Training sessions and workshops tend to be about group discussions, networking and relationship-building. With many campuses still closed, how can we generate this energy and intimacy online?
In this article, Tabitha Buchner and Josie Dryden share how the TESCEA partnership is moving highly participatory face-to-face training workshops for East African teaching staff to an online setting.
The Transforming Employability for Social Change in East Africa (TESCEA) partnership aims to help higher education professionals in East Africa redesign courses to support students’ critical thinking and problem-solving skills.
The impact of TESCEA depends on “multipliers” - members of teaching staff at the four universities involved in TESCEA (University of Dodoma and Mzumbe University in Tanzania and Gulu University and Uganda Martyrs in Uganda). These multipliers have been trained in course redesign or gender-responsive pedagogy as part of the TESCEA partnership and are now committed to cascading this to their colleagues.
Last year, TESCEA held an introductory face-to-face training workshop for the multipliers. A follow-on workshop was planned for this year, but face-to-face delivery was not possible due to Covid-19. In response, AFELT and INASP from the TESCEA partnership planned an online alternative, which is now in full swing.
How it works
In developing an online alternative, we needed to consider the key challenges that participants might face with learning together online – issues around connectivity, time, uncertainty and the need for interaction, which we discussed in this post. We also drew on expertise within INASP of using online approaches for teaching and learning over the past decade to develop something that was tailored to an online environment and to the specific learning needs and priorities of the participants.
We decided to adapt our workshop to be an online training over six weeks and to focus on the key priorities identified by multipliers, rather than cover everything we might have done in an intensive face-to-face workshop.
The resulting online training includes around 40 people from the four TESCEA universities. It is largely based on the open-source, e-learning platform Moodle. Although many in East Africa are familiar with Moodle, there is a range of experience amongst the participants and we have not assumed familiarity. The first week of the workshop was therefore designed to ease participants into using Moodle, with a forum for questions, and with Josie available to help participants with technological issues.
Like a face-to-face course or workshop, we have aimed for a balance between content to listen to or read, activities for participants to do on Moodle by themselves, and group discussion. In lieu of the energisers that would see workshop participants moving around a room networking or playing an ice-breaker game, we had warm-up exercises where participants went into the discussion forum to introduce themselves and talk about how Covid-19 has affected their teaching. To emulate group discussions, we have created sub-forums that work throughout the six weeks of the online course.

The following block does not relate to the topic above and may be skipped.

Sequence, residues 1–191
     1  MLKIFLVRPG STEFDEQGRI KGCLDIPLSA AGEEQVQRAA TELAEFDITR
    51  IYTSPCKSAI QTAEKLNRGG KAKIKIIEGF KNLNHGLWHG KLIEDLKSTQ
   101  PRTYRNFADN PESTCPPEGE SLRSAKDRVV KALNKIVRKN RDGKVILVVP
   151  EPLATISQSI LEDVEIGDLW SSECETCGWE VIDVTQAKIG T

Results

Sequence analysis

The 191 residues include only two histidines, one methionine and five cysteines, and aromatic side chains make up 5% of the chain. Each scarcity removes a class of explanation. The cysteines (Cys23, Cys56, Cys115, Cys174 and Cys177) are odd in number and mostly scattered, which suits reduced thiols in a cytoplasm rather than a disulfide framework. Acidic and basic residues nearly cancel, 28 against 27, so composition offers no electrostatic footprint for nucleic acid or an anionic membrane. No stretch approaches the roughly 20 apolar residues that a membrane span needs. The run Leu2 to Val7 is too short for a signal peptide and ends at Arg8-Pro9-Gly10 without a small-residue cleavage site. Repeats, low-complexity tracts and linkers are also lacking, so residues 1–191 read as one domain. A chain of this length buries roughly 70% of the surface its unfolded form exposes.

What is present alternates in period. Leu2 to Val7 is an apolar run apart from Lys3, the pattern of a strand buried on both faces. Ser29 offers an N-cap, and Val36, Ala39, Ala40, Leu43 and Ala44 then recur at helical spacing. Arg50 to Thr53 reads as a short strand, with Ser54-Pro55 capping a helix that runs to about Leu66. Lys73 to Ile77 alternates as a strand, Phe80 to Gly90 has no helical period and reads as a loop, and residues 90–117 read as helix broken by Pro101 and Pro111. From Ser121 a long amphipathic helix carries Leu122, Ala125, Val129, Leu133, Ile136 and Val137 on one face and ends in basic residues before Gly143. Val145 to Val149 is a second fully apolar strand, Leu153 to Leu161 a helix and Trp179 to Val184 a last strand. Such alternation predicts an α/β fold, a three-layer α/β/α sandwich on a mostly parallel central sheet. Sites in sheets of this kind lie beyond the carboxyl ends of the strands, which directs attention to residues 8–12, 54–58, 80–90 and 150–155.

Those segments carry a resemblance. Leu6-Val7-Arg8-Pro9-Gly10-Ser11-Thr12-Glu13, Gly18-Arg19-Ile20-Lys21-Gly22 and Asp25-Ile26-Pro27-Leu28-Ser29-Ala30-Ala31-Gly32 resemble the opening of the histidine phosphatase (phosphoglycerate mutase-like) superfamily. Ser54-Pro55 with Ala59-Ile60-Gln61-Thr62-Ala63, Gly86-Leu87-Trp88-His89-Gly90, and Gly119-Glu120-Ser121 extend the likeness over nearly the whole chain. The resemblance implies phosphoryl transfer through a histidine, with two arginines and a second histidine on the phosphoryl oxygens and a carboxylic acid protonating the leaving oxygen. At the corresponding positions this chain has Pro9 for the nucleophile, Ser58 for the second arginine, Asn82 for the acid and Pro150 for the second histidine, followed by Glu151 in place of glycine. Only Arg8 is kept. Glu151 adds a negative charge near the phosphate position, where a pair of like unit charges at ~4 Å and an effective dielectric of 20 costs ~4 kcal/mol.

The main focus of the workshop is improving lesson planning, so paying attention to each individual participant is important. We have seven facilitators from AFELT and INASP to help with these discussions and to mentor smaller groups. We also have a forum for plenary discussion.
Sharing expertise on online delivery
In developing the workshop, we asked experts across all the TESCEA partners if they would be willing to be share their expertise on online higher education delivery. Some recorded videos while others have made themselves available for discussions in Moodle or to hold weekly clinics via WhatsApp or Zoom. The course also points to further resources on how to use Moodle. These are not core parts of the multiplier workshop but are optional extras that give teaching staff valuable ideas and support.
Catering to different workloads and timings
Around the time that the multiplier workshop began, the Tanzanian government announced that universities could reopen and that the university term would not be extended. As a result, Tanzanian teaching staff are very busy fitting extra teaching into a compressed timescale, often doing the same lectures and tutorials several times to cater for the reduced numbers allowed into classrooms at any time to preserve social distancing. In Uganda, in contrast, universities remain closed and staff are primarily teaching online.
Accordingly, we see differences between the two countries in terms of how and when participants can engage with the workshop. We have therefore designed the workshop to be largely asynchronous, to cater for staff availability and connectivity challenges. We do however have some synchronous activities in the form of Zoom-based question and answer sessions; we upload recorded sessions so that those who cannot join at the time can view them later.
Adapting a highly participatory face-to-face workshop to an online setting and piloting it during a pandemic was never going to be easy. Across the TESCEA partnership we are learning about what works and what doesn’t. We are pleased to see the ongoing engagement of many participants, particularly when faced with so many other pressures on their time.
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The Strategic Partnerships for Higher Education Innovation and Reform (SPHEIR) programme is funded by the UK Department for International Development (DFID) and is managed on behalf of DFID by a consortium led by the British Council that includes PwC and Universities UK International.